Documentary tracks local chef's journey to prestigious competition
Documentary filmmaker Josh Baldwin meticulously lined up his cameras in the culinary arts kitchen at Westmoreland County Community College, adjusting the tripods and setting up shots at different angles.
Baldwin and his wife, Mary, of Lewisburg, W.Va., stopped at the college near Youngwood on Friday morning to film part of their documentary about chef Richard Rosendale's journey to the Bocuse d'Or, dubbed the world's most challenging and prestigious culinary competition.
Rosendale, 37, a Uniontown native who graduated from WCCC's culinary arts program in 1997, represented the United States in the 51⁄2-hour, live pairs cooking competition in January 2013 in Lyon, France. He and partner/sous chef Corey Siegel placed seventh out of 24 teams.
Baldwin and Rosendale met while working at The Greenbrier, a resort in White Sulphur Springs, W.Va., where Rosendale served as the youngest executive chef in its history. Rosendale trained for the competition in a former war bunker built below The Greenbrier, where he constructed a kitchen that was an inch-for-inch duplicate of the one he would use in France.
“I got to know his work habits, which really impressed me,” Baldwin said.
Documentary filming began in early 2012 and captured a year of Rosendale's extensive preparation, including boxing lessons for stamina and strength, as well as two weeks in France for the competition.
The film, tentatively called “The Contender,” is expected to debut this fall on screen in Lewisburg and on iTunes, Amazon and Blu-ray disc, Baldwin said.
On Friday, Baldwin interviewed Rosendale behind a stainless steel kitchen counter and in the lobby of Commissioners Hall, where a plaque designates him as one of the first inductees into WCCC's Culinary Arts and Hospitality Hall of Fame.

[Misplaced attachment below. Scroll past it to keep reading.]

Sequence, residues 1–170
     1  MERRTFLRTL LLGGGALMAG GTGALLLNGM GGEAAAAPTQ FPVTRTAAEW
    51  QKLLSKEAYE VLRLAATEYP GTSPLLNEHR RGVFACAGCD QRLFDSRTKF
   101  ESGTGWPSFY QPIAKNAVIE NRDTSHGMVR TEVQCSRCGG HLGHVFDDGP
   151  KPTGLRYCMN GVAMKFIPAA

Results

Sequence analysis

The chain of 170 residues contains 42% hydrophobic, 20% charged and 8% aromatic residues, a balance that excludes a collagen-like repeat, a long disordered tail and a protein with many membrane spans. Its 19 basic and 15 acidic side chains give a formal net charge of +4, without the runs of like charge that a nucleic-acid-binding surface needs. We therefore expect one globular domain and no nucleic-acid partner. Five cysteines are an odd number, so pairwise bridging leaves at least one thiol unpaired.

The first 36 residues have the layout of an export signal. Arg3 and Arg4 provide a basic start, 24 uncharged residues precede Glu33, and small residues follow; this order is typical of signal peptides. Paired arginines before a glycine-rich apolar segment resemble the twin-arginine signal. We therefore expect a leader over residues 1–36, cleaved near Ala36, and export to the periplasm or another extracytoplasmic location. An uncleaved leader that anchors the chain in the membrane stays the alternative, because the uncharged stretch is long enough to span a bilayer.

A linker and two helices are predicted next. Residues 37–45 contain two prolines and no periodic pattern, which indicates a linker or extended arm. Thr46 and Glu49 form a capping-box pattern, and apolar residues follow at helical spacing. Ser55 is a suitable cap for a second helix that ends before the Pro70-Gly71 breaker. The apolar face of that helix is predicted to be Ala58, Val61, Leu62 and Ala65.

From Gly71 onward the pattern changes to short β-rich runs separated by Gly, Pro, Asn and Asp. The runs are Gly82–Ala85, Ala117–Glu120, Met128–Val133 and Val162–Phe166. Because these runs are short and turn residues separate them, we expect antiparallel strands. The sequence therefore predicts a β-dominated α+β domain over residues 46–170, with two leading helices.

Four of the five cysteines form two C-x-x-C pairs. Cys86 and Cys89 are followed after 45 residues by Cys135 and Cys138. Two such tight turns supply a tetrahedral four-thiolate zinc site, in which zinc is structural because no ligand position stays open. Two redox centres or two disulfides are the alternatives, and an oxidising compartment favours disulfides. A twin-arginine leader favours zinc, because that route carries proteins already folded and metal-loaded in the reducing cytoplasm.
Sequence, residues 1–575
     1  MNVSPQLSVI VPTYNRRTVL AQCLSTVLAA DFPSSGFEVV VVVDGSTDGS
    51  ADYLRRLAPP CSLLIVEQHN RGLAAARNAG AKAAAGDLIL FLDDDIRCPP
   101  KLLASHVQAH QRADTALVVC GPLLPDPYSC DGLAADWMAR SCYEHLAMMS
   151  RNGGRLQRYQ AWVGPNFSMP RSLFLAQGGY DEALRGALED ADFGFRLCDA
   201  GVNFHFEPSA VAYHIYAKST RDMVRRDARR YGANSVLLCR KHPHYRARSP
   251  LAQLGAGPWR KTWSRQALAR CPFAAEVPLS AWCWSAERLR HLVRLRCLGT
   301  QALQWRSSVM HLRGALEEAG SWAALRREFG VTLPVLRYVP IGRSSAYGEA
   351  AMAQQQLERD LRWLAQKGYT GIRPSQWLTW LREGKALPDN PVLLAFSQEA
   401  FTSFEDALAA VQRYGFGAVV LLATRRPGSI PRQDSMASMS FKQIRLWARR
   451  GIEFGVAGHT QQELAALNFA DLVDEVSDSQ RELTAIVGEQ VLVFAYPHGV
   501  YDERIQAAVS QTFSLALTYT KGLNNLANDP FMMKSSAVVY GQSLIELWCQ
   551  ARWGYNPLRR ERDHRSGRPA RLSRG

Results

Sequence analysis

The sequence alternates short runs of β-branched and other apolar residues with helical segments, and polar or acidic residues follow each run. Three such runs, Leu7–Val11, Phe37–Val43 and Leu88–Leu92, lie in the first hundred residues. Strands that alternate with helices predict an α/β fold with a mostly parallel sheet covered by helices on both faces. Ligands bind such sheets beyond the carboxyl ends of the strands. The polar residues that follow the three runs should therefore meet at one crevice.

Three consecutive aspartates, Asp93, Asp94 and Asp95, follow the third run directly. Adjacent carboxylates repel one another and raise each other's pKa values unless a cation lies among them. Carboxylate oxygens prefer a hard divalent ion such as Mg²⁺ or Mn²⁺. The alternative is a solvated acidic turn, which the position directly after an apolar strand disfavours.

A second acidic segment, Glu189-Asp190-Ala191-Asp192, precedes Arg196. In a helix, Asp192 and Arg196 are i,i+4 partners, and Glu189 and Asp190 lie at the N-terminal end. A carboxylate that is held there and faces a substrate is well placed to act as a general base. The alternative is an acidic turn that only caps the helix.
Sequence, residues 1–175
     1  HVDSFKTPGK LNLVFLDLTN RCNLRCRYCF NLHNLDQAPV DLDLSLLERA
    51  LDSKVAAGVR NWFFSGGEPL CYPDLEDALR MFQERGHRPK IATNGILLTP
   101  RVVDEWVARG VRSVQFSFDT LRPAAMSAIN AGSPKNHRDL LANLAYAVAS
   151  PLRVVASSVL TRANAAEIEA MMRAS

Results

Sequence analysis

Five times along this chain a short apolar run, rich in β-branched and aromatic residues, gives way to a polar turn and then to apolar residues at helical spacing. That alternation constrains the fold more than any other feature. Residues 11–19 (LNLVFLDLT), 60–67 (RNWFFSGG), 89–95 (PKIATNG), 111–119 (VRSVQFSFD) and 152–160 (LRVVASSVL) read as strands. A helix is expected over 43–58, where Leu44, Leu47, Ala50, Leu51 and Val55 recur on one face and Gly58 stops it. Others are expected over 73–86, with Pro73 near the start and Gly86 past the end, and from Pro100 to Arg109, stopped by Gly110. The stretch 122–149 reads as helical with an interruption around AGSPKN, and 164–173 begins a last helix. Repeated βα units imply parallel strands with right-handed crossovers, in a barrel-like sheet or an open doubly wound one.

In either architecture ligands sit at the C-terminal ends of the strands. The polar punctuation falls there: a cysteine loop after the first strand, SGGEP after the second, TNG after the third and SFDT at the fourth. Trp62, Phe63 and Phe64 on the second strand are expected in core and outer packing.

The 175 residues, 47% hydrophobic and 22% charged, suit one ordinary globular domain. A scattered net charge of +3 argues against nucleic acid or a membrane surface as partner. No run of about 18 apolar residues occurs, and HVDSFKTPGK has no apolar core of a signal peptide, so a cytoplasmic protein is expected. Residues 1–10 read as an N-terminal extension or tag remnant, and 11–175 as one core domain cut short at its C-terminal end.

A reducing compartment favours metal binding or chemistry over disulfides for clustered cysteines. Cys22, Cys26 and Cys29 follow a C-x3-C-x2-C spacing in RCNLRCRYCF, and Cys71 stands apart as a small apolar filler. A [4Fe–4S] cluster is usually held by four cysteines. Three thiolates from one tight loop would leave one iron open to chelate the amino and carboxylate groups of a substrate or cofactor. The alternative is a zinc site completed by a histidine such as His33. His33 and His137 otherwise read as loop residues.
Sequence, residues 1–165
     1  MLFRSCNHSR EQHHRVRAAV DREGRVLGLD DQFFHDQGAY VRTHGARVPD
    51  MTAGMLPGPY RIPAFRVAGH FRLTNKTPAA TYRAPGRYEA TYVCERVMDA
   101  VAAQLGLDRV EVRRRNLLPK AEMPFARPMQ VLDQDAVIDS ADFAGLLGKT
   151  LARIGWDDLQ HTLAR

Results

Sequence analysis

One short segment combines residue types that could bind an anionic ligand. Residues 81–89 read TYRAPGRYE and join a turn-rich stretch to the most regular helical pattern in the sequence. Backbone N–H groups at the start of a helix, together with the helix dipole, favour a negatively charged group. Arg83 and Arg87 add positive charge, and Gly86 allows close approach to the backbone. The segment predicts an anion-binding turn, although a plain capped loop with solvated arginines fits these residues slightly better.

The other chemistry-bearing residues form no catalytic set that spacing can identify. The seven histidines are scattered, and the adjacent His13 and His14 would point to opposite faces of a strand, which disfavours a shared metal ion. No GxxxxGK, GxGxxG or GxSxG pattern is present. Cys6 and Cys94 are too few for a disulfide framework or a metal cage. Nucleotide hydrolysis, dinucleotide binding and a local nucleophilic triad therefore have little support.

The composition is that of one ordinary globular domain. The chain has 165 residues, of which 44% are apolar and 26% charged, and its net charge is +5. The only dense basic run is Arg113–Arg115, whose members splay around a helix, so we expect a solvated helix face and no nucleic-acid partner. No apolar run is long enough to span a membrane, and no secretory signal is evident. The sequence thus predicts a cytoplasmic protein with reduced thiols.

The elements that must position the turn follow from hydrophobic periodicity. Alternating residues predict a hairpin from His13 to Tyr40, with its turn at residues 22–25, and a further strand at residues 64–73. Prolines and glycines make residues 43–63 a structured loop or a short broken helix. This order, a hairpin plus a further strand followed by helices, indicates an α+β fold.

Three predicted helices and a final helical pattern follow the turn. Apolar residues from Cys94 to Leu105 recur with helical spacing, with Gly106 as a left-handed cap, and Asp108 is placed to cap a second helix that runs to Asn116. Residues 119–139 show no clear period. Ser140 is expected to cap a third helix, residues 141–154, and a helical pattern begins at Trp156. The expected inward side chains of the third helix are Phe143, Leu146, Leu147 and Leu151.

The team interviewed culinary arts professor Cindy Komarinski, who said she still uses Rosendale's detailed apprenticeship logs as an example for her students.
“(His log book) was big and thick,” Komarinski said. “He was already showing that drive.”
After their stop at WCCC, the team was heading to interview Rosendale's mother, Sharon Rosendale, in Uniontown and then to Fallingwater, architect Frank Lloyd Wright's iconic building in Fayette County, which inspired the design of Rosendale's platter for the competition.
The custom-designed platter featured many unusual cut-outs and cost about $10,000, Rosendale said.
“It's an expensive endeavor, for sure,” he chuckled.
Rosendale appears as one of two chefs on the CBS show “Recipe Rehab,” which asks families to submit their favorite high-calorie, family-style recipes, then the chefs compete to give the recipe a healthy makeover. The family then makes the rehabbed recipes in their own kitchen and chooses a new favorite.
Rosendale, his wife, Laura, and their three children live in Lewisburg. He said shooting for season three of “Recipe Rehab” will begin in August in Los Angeles.
Kari Andren is a staff writer for Trib Total Media. She can be reached at 724-850-2856 or email@example.com.
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